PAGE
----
I’ve never struggled with confidence of knowing my gender. I can’t imagine the struggle of those who are told they are a girl (or a boy), yet their spirit says otherwise. I recognize some incongruences between the stereotypical girl, and myself, but still know that I am a girl. I’ve had many moments when my mentality is more male like than female. For example, I eat more than most of my friends in a single sitting. I love red meat (the redder, the better), and before I chose to be a good example to my kids, drinking out of the milk carton was cool with me. Giving me flowers is sweet, but I’d rather have you mow the lawn or do the laundry. I love jewelry, but not at the cost of pinching pennies. I like honest feedback, and don’t like to beat around the bush. Actions mean more than words. I snicker at smack in sports. In the workplace, respect is necessary, but make your point and skip the niceties, because usually, timing is crucial. I’m impatient with call centers who ask how I am. If I’ve contacted you, I’m in the middle of a problem and am hoping for a solution, not a social experience. I’m not a fan of Girls’ Weekends, yet I love my friends and don’t know how I could do life without them.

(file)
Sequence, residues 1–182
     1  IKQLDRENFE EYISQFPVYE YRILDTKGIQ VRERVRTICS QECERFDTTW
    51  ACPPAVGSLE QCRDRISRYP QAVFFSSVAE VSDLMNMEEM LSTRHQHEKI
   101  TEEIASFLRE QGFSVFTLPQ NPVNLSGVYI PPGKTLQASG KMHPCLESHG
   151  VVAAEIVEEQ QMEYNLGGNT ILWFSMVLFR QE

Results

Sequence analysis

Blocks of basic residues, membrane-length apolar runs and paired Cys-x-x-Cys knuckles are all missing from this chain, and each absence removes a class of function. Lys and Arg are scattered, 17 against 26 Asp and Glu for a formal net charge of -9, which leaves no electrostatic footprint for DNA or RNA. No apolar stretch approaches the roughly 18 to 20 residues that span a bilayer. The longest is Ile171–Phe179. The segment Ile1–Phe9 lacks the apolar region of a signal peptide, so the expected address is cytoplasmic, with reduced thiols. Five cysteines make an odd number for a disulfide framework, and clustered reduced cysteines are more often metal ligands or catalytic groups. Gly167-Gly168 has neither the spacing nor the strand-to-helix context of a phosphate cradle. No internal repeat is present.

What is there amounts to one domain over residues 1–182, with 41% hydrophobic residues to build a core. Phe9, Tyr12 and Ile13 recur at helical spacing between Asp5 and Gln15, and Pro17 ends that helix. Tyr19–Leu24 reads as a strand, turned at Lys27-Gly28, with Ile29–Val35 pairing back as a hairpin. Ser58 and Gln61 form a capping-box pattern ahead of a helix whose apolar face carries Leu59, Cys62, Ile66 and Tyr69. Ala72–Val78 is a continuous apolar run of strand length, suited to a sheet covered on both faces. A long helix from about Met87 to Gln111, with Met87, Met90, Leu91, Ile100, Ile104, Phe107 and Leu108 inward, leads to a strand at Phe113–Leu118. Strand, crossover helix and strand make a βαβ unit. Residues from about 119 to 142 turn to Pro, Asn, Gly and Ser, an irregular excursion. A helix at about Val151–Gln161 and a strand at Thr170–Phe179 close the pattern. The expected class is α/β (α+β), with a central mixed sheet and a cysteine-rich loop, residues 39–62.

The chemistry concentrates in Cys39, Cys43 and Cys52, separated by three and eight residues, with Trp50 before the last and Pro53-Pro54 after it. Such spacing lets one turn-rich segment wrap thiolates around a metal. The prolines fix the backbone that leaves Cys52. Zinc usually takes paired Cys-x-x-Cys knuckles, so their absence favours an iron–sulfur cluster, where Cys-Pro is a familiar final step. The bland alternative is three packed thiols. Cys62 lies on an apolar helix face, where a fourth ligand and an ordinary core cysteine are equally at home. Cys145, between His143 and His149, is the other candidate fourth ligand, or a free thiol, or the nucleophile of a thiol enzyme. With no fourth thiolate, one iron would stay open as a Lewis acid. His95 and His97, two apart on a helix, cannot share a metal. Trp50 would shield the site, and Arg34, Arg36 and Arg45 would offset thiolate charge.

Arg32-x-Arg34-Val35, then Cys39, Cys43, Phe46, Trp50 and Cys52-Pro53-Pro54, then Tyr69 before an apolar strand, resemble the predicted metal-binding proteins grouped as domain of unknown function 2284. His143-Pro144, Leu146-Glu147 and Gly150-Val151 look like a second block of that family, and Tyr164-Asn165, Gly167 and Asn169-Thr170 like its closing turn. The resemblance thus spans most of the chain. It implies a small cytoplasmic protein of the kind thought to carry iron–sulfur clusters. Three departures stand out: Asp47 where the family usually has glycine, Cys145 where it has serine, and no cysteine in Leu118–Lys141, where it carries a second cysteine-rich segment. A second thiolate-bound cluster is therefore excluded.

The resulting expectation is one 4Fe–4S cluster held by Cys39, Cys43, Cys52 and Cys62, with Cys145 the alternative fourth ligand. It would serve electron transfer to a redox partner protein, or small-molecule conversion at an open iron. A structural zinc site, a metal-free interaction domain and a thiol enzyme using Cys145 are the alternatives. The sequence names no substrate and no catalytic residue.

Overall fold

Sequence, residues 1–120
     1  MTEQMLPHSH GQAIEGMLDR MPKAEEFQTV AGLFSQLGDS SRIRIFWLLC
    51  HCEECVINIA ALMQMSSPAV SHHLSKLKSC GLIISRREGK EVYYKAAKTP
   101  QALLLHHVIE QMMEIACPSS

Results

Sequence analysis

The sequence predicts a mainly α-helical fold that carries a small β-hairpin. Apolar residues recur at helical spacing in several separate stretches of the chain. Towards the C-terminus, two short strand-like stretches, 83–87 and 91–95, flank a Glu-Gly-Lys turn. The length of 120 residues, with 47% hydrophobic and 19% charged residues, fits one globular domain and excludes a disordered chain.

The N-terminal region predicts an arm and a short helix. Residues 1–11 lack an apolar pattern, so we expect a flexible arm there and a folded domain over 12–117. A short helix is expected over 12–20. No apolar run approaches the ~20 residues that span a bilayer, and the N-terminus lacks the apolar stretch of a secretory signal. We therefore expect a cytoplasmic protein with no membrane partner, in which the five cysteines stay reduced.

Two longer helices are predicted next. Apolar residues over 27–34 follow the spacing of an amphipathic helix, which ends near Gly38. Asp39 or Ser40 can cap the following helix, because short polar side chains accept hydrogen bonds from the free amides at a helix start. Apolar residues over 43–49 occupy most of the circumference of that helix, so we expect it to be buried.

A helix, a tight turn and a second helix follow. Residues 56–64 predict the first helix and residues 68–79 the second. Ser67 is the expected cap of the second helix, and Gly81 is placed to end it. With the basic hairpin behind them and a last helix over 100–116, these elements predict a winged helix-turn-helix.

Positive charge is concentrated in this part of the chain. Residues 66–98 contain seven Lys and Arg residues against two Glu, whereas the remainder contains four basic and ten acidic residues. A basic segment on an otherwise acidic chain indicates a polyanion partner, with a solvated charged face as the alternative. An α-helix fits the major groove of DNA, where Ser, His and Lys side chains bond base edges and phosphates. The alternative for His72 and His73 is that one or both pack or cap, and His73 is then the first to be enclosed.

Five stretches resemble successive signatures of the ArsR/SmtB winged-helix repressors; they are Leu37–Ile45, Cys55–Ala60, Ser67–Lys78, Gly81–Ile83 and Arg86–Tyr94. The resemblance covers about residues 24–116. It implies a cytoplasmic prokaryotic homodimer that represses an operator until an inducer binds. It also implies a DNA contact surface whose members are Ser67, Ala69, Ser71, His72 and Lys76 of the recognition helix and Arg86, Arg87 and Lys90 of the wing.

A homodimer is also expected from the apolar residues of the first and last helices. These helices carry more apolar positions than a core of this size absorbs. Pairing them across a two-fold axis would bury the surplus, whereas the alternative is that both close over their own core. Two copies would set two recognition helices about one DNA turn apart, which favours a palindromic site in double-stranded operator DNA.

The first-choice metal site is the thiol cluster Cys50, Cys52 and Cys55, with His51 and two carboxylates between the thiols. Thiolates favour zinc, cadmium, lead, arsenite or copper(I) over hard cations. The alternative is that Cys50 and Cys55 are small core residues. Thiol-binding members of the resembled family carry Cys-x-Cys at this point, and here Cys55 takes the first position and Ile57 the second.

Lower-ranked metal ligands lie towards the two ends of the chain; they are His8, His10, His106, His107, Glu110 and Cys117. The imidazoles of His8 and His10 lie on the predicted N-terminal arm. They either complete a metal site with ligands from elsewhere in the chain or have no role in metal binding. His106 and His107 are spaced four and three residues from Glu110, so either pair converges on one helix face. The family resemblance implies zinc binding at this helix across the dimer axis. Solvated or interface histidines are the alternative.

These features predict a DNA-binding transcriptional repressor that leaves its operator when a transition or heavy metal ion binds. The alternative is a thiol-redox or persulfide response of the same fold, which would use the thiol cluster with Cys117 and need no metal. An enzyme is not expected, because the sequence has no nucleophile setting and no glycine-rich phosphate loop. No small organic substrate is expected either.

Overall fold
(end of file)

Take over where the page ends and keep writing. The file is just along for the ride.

This girl and her red meat.

This girl and her red meat.

Yikes. I’ve never listed all those things before. I sound like a dude! I know that I’m generalizing, but for years, that’s what we’ve done. It’s not uncommon for both men and women to associate being female with romance, needing or wanting expensive gifts, or being gentle in their approach. But not all women possess those traits, like not all men like to hunt.

I’m a girl who likes diamonds, flowers, candles, clothes, and in general, beautiful things. But those things do not make me a girl. I just am a girl. Probably, a practical girl!

In spite of what could be perceived as my male like mentality, I am fully a girl. I like diamonds, flowers, clothes, and in general, beautiful things. But those things do not make me a girl. I just am a girl. Probably a practical girl!